BATAVIA, Ohio (AdAge.com) -- Major advertisers have launched a test aimed at changing how the industry parcels out $1 billion annually in commercial talent fees. The move could make cable buys more economical and give actors a direct stake in how well the shows their ads appear in perform.
Procter & Gamble Co. and Ford Motor Co. are among a number of large advertisers participating in the pilot, which is run by the industry bargaining council of top marketers and agencies in cooperation with the Screen Actors Guild and the American Federation of Television and Radio Artists. The test bases the pay of commercial actors on the gross ratings points for ads -- the number of eyeballs the ads reach. The system used now bases residuals mainly on how many times an ad airs, regardless of audience size, with some dollar-based caps for some types of cable buys.
The current system is based on a model first developed in the 1950s and tends to favor network advertisers over cable advertisers and produces sometimes bizarre results in which talent costs don't move in the same direction as media costs, said Douglas Wood, lead negotiator and counsel for the Joint Policy Committee on Broadcast Talent Relations, the industry group that represents advertisers and agencies in bargaining with the talent unions.
"There can be anomalies in cable buys where the media costs less than the talent," Mr. Wood said. "That's how ridiculous it's become. ... We hope to switch to the same GRPs and ROI measurement we use for other media and 99% of the dollars spent, so the tail will no longer be wagging the dog."
The pilot started April 1 and runs through March 31. If accepted by advertisers and the unions for the next contract up for renewal in 2012, it would replace the current system built over decades. After that, Mr. Wood said members of the Association of National Advertisers and American Association of Advertising Agencies would be covered by the deal regardless of how it affects them, provided they use union talent.
"By definition, there are going to be advertisers who are going to be paying more than they're paying now and advertisers who are paying less," he said. "While there's no assurance to this, if you're a very heavy network buyer, you're likely to pay less. If you're a very heavy cable buyer, you're likely to pay more. It will kind of level the playing field."
Largest talent contract
The JPC and unions agreed in their last contract, effective last year, to study changing the system. The unions will also have access to aggregated data to help evaluate the results. PriceWaterhouseCoopers will handle the data to avoid breaching confidentiality of clients participating in the pilot.
The JPC is made up of 30 members, half appointed by the ANA, half by the 4A's, which collectively includes advertisers and agencies responsible for about 90% of commercial production. The 36,000 commercials produced under the contract make it the largest U.S. talent contract, bigger than those for TV or motion-picture production, Mr. Wood said.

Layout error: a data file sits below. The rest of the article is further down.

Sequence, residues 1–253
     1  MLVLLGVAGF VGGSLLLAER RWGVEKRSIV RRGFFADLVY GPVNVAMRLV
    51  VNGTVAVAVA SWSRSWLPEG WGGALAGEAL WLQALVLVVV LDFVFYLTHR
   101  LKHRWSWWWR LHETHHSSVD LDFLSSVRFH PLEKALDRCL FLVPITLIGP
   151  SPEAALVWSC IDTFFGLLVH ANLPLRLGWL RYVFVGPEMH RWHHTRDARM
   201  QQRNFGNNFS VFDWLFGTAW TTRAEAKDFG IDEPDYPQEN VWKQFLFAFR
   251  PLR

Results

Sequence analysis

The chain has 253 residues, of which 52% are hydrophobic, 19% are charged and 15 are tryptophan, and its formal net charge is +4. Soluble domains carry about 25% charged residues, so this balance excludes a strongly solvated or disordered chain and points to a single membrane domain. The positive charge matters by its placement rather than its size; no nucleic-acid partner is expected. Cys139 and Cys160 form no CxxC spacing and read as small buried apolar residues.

The system would use Nielsen's C3 ratings , which count live viewing plus DVR playback within three days, to align talent payment with media currency, which would also have the effect of giving actors a stake in how the shows their commercials appear in perform.
"The unions are most concerned about fair compensation for the exposure given," he said, "so logically the C3 concept works."
After evaluating results of the pilot, the JPC and unions will start a six-week bargaining session just on the new residual formula in October 2011 in advance of talks on the overall contract, expected to begin in February 2012, Mr. Wood said.
A spokeswoman for SAG didn't return calls for comment.
Online up next
"The media landscape continues to change, and at Procter & Gamble, we are changing with it," the company said in a statement about its participation in the pilot, saying it supports a "residual compensation model that aligns with the realities of current and emerging media."
But the new residual system mainly aims to address changes in the media landscape that started with the emergence of cable in the 1970s and doesn't affect payment for talent in online ads. Mr. Wood expects payment for online advertising to be a major point of contention in the next round of talks, too.
"Obviously there's a lot of money involved, and we care a lot about [TV residuals]," he said. "The unions obviously are going to care about the migration of content to noncovered work, where advertisers are using actors in creative that doesn't fall under the union agreements right now and they can pay whatever they want. ... It will be a very interesting negotiation."
The current contract sets flat fees for work in online ads. But it excludes coverage of increasingly common "webisodes or mobisodes or B-roll that doesn't look and feel and taste like a commercial," Mr. Wood said. "The industry's opinion is that [those things are] not covered. The unions' position is not necessarily in full agreement."